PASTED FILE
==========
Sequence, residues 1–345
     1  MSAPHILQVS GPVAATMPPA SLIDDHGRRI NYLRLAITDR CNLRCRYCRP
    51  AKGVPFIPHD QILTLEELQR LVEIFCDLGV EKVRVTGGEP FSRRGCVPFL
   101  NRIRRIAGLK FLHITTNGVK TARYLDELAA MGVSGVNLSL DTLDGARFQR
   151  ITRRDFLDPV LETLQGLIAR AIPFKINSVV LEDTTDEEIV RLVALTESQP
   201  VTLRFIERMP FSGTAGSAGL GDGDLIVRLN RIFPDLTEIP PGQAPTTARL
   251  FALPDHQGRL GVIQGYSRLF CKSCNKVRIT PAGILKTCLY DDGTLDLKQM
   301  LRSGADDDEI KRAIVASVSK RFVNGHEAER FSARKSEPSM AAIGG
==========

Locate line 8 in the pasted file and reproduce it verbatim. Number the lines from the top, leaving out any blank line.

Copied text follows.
   301  LRSGADDDEI KRAIVASVSK RFVNGHEAER FSARKSEPSM AAIGG